Couple quick things.
1.  12b-1 fees are included in the expense ratio.  So the 1.45% includes the 1% 12b-1 fee.
2.  It outperformed the Vanguard 500 index when?  Since inception?  Of which fund?  I don't know why you would ever compare by inception dates unless the funds were formed on the EXACT same inception date.  Comparing on a more traditional basis the 500 index outperforms on every scale.

Source:  Morningstar  (All data as of 3/31 to keep it clean.  Tax data isn't available sooner than 3/31.)
_______1yr_______3yr______5yr_______10yr
GFACX__11.06_____15.8____12.43______7.75
VFIAX___12.69______16.07____14.43_____8.00

3.  You left out tax efficiency as a cost. 
POST tax returns
GFACX__7.6_____14.35_____11.57_____7.16
VFIAX___11.73___15.3______13.83_____7.55

GFACX in a taxable account is going to get killed by all the capital gains distributions.  VFIAX being an index fund is very tax efficient and normally only spits off qualified dividends.  ;)

4.  Personal request.  Bold or upper case.  Both reads like you are screaming at me.  :)

bdbrooks

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Re: Expense ratios, how high is too high
« Reply #18 on: April 08, 2015, 07:40:28 PM »
Couple quick things.
1.  12b-1 fees are included in the expense ratio.  So the 1.45% includes the 1% 12b-1 fee.
2.  It outperformed the Vanguard 500 index when?  Since inception?  Of which fund?  I don't know why you would ever compare by inception dates unless the funds were formed on the EXACT same inception date.  Comparing on a more traditional basis the 500 index outperforms on every scale.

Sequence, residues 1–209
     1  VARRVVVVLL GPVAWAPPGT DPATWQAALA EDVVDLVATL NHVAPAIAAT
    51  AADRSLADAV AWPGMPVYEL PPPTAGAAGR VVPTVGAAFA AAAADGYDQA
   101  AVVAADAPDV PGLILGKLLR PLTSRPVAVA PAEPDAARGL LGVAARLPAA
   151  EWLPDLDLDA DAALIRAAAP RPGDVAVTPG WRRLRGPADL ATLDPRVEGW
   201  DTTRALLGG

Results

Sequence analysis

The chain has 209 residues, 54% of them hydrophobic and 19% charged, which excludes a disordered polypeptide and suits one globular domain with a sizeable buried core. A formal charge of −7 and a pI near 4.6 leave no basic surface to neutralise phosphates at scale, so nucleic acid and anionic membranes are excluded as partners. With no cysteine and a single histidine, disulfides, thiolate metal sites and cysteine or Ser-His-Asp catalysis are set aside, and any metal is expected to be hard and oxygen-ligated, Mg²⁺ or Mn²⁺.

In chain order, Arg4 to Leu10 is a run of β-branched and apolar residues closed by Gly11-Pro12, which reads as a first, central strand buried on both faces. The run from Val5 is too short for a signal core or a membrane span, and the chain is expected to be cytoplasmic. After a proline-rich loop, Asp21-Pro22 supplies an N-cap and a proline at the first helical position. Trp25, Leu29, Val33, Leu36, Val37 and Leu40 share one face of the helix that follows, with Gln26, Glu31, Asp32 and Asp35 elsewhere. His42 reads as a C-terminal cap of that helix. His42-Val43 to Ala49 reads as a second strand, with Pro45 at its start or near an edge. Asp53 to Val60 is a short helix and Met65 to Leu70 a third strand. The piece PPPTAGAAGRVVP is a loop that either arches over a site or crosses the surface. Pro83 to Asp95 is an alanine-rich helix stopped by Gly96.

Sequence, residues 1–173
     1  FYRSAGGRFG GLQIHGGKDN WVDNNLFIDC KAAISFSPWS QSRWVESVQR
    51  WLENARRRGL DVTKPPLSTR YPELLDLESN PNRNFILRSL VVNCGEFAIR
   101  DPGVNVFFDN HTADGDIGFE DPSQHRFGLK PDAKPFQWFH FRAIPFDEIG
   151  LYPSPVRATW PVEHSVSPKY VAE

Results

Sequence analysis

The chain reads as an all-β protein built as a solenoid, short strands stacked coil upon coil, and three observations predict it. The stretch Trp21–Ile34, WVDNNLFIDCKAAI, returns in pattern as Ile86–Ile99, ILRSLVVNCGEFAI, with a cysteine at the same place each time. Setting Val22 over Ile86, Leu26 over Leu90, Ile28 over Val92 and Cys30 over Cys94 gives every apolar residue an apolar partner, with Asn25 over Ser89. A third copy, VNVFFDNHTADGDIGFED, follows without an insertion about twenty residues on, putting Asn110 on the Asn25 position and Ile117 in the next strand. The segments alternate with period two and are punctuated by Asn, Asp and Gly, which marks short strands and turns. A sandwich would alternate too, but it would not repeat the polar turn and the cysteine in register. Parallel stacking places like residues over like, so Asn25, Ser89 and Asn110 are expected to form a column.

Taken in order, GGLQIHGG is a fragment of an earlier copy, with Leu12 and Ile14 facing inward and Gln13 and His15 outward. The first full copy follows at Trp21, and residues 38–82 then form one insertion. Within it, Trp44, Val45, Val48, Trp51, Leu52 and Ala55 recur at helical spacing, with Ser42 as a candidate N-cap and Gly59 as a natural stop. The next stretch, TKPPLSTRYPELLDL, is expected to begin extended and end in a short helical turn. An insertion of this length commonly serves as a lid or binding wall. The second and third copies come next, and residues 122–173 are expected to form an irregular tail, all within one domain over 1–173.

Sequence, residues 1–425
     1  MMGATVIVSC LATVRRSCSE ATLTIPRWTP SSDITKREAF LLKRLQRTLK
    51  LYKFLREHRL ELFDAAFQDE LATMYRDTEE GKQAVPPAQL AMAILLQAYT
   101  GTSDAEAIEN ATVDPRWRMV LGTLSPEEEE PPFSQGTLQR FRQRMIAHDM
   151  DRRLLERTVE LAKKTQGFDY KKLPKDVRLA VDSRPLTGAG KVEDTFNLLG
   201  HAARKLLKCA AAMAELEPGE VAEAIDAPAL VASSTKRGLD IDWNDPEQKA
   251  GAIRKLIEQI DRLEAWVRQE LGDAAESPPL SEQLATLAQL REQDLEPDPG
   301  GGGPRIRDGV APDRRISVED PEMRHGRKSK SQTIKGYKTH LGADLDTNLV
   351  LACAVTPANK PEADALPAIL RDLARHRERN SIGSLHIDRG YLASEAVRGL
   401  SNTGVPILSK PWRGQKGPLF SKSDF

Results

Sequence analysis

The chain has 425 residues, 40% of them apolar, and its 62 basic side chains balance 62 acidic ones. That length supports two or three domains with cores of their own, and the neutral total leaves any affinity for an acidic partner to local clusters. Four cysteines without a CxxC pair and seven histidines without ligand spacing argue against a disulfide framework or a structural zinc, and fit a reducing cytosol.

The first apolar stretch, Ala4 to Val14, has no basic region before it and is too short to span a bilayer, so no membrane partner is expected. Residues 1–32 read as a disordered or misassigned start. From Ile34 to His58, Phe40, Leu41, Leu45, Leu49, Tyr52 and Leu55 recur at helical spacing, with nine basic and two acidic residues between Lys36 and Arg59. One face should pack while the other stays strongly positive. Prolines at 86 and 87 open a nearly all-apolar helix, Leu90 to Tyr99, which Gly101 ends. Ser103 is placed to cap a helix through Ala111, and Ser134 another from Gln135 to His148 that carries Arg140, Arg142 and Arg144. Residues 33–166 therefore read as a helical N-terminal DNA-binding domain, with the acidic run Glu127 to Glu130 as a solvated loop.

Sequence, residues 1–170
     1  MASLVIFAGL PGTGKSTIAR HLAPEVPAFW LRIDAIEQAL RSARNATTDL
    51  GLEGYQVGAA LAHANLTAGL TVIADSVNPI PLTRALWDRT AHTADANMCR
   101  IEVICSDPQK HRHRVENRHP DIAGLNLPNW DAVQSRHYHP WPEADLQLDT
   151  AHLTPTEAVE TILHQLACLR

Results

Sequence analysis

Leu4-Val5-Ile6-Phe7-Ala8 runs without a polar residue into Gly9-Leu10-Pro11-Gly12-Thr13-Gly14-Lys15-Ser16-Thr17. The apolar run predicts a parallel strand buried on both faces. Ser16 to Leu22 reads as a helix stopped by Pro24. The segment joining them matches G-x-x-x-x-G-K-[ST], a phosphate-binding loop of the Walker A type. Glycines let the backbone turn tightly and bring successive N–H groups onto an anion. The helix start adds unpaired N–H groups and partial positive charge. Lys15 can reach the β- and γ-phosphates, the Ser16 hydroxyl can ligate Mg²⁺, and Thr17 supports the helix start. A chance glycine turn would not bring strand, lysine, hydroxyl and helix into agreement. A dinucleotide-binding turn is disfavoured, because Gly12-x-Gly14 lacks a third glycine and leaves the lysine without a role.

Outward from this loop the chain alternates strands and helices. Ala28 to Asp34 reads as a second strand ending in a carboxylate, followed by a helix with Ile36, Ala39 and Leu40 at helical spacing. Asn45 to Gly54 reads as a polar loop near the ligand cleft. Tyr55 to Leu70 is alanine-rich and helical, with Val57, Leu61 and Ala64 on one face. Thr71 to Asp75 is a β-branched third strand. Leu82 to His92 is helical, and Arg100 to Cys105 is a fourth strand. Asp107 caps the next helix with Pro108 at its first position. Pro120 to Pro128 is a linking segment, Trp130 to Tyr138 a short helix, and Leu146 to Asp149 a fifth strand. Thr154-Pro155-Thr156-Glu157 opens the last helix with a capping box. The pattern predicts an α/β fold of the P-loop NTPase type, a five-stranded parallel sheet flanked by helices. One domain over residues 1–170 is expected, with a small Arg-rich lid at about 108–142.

Source:  Morningstar  (All data as of 3/31 to keep it clean.  Tax data isn't available sooner than 3/31.)
_______1yr_______3yr______5yr_______10yr
GFACX__11.06_____15.8____12.43______7.75
VFIAX___12.69______16.07____14.43_____8.00

3.  You left out tax efficiency as a cost. 
POST tax returns
GFACX__7.6_____14.35_____11.57_____7.16
VFIAX___11.73___15.3______13.83_____7.55

GFACX in a taxable account is going to get killed by all the capital gains distributions.  VFIAX being an index fund is very tax efficient and normally only spits off qualified dividends.  ;)

4.  Personal request.  Bold or upper case.  Both reads like you are screaming at me.  :)

1) I'm sorry. I went too quickly. You are correct that 12b-1 fees are included in ER. So the total cost is around 2.5%. However, it is worth looking up what the typical actively managed mutual fund pays in transaction costs that is not included in the ER (this is not your transaction cost when you buy the mutual fund, this is the cost when the mutual fund makes all of its buys and sells).